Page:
σ122 = σ12 + σ22
(7)
σ123 = σ12 + σ32
(8)
σ223 = σ22 + σ32
(9)
where σ1, σ2, and σ3 correspond to the variance of each individual clock and no correlations between variances are considered. The original source variances [5] can be obtained by solving the system
σ12
=
1 2
σ122 + σ123 − σ223
σ22
=
1 2
σ122 + σ223 − σ123
σ32
=
1 2
σ123 + σ223 − σ122
.
(10)
The phase differences between clock pairs in TCH implementations are usually carried in single locations, i.e., clocks are compared in situ. Recently, a remote comparison to estimate TCH variances has been implemented over ﬁber networks [6]. In this paper, CV phase differences are used as data sources for TCH computation. To the best of our knowledge, there is no record of the combination of both techniques.
This paper evaluates the performance of three cesium clocks located in different facilities, combining the CV and the TCH techniques. An enhanced version of TCH method is implemented to account for the noise added by the remote comparison.
This paper is organized as follows. Section II proposes a new version of TCH, which considers a noise contribution independent of the clocks. Section III describes and validates the CV algorithm implemented in this analysis. The stability of the three clocks under test is discussed in Section IV. Transfer noise is computed in Section V by implementing the proposal of Section II to measured data. Finally, conclusions are presented in Section VI.
II. TRANSFER NOISE MODEL
This section proposes an enhanced version of the TCH method. This extended version of TCH (eTCH) performs correction for the noise introduced in CV comparisons.
Equations (7)–(9) model the measured variances in the absence of correlations and measurement noise. If we consider noise sources, independent of the clocks, that are present in the three CV measurements, we can model this new contribution as
σ122 = σ12 + σ22 + σl2ink\_12 σ123 = σ12 + σ32 + σl2ink\_13 σ223 = σ22 + σ32 + σl2ink\_23.
(11)
The intercomparison of a set of three clocks yields the measured time differences δt12, δt13, and δt23. Ideally, tclosure ≡ δt13 − δt12 − δt23 = 0 should hold for the measurements, since in principle, the variances of the individual clocks do not affect tclosure (the closure involves ﬁrst differences, so oscillations in the clocks outputs are compensated in this estimator). Possible biases in the calibrations of the receivers also cancel out for the same reason. Generally, measurement noise avoids these time differences to perfectly compensate. In the particular case of CV comparisons, each of the time differences between clocks is in fact an average of the clocks differences over different sets of satellites, and the dispersion in the values of δt12, δt13, and δt23 avoids tclosure from being identically zero. These dispersions are generated mainly by residual errors from the ionospheric and tropospheric corrections, which are known to have an uncertainty [7] of the order of 2 ns, consistent with the typical standard deviations obtained in Fig. 3.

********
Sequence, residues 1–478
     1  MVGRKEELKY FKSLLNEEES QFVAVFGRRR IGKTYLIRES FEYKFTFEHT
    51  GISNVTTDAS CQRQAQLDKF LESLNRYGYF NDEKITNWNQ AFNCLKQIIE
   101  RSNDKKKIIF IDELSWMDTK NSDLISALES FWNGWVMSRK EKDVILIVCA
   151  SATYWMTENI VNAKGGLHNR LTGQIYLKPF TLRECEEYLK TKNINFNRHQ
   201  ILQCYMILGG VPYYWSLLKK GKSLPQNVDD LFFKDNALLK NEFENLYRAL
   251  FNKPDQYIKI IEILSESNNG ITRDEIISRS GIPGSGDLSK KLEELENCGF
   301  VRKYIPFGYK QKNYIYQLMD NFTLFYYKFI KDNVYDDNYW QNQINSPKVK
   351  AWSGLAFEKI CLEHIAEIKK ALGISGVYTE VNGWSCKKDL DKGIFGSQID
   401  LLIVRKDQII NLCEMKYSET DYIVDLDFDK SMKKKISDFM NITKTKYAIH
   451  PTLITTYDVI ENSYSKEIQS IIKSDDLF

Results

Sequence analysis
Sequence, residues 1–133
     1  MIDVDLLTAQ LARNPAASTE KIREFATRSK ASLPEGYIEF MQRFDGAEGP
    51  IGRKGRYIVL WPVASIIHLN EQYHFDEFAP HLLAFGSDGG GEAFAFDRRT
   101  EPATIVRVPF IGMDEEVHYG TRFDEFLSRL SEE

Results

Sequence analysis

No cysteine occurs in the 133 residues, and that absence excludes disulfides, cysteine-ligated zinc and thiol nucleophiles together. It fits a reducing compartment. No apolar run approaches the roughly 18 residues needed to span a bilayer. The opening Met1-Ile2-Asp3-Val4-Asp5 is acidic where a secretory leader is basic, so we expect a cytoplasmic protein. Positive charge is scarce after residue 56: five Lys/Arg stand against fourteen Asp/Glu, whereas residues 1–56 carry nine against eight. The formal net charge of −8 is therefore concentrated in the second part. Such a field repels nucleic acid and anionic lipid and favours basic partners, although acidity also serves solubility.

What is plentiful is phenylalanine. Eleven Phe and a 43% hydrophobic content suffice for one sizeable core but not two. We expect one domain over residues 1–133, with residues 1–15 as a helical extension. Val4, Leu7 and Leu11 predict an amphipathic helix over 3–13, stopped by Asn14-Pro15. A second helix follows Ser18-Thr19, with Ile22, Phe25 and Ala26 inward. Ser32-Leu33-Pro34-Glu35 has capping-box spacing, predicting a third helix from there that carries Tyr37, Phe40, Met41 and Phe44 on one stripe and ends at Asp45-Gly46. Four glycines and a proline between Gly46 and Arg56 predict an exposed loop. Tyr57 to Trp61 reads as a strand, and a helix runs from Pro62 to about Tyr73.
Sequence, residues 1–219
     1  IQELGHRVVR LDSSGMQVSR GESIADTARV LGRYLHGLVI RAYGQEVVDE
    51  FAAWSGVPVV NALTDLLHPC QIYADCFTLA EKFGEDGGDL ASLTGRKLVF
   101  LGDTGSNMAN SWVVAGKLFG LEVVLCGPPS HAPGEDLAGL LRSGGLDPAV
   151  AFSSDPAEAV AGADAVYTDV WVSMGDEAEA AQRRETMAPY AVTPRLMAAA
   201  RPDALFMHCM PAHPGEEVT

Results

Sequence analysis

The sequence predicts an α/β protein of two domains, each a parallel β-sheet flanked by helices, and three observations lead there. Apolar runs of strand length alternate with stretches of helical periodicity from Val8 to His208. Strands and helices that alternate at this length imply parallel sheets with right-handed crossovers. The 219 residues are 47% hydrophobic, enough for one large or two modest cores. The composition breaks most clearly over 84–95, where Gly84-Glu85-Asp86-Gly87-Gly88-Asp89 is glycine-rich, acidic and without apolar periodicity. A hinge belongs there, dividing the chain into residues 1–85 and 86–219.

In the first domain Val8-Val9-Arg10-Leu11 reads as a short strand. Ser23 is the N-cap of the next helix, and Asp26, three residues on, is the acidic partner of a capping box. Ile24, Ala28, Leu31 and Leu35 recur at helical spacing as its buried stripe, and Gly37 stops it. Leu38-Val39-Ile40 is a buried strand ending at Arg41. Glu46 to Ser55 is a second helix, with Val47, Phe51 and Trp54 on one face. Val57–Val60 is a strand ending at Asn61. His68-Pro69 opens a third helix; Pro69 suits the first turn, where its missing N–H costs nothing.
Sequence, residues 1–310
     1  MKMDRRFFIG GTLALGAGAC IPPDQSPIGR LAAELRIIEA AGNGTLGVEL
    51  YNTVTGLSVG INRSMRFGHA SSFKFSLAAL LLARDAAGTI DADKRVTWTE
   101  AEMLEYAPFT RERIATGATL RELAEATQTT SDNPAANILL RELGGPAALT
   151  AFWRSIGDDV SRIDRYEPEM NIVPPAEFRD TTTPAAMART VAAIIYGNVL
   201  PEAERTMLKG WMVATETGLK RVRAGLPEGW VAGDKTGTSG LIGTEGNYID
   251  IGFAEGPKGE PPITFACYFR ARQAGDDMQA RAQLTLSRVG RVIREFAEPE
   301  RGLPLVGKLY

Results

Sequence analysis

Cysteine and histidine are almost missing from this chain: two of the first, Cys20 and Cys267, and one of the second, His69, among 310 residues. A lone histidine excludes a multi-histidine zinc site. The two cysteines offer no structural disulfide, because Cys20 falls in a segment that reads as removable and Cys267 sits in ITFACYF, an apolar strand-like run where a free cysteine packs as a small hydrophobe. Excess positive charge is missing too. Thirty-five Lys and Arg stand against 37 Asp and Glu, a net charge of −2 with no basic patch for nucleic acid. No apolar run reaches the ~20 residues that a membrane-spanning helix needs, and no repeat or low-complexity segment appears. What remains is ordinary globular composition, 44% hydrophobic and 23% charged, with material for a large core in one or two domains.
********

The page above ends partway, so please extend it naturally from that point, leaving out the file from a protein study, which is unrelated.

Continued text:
As the baselines involved in this work (∼20 km) are much shorter than the orbits of the GPS satellites [8], we can consider that the contribution of atmospheric noise is common to the three receivers. To account for this noise source, we deﬁne σlink(τ ) as the Allan variance of the residual values tclosure and use it as a correction in the measurements to compensate for atmospheric noise.
It is straightforward to show that if we consider σl2ink\_12 ≈ σl2ink\_13 ≈ σl2ink\_23 ≈ σl2ink, the individual variances are now expressed as
σ12
=
1 2
(σ122
+
σ123
−
σ223
−
σl2ink )
σ22
=
1 2
(σ122
+
σ223
−
σ123
−
σl2ink )
σ32
=
1 2
(σ123
+
σ223
−
σ122
−
σl2ink ).
(12)
A similar approach was tested [9] in the 1980s and more recently in [10]. However, closures and closures variances were used only as stability and accuracy limitations due to GPS CV measurement noise over long baselines. They were not implemented as corrections in TCH computations of clocks under test.
III. IMPLEMENTATION OF THE COMMON-VIEW ALGORITHM
Phase differences between clocks were measured using satellites of the GPS in CV. The oscillators are Symmetricom/HP 5071A cesium clocks. The three clocks belong to different institutions in Argentina, all of them separated by less than 20 km. The institutes are the Instituto Nacional de Tecnología Industrial (INTI), Observatorio Naval de Buenos Aires (ONBA), and the Instituto Geográﬁco Nacional (IGN).
The INTI uses its clock to contribute to Coordinated Universal Time (UTC), Rapid UTC (UTCr), and the Inter-American Metrology System (SIM) Time Scale, a multinational time scale [11]. The ONBA contributes to UTC and is in charge of the legal time in Argentina [12]. Finally, the IGN contributes to UTC and UTCr [13].
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Fig. 1. Time differences between the INTI and the IGN calculated using UTCr and CV. The full black symbols are the results obtained by the CV algorithm, and the gray lines indicate the intervals of plus–minus one standard deviation. The open square symbols correspond to time differences extracted from the UTCr results. (For the sake of visibility, a linear trend was removed.)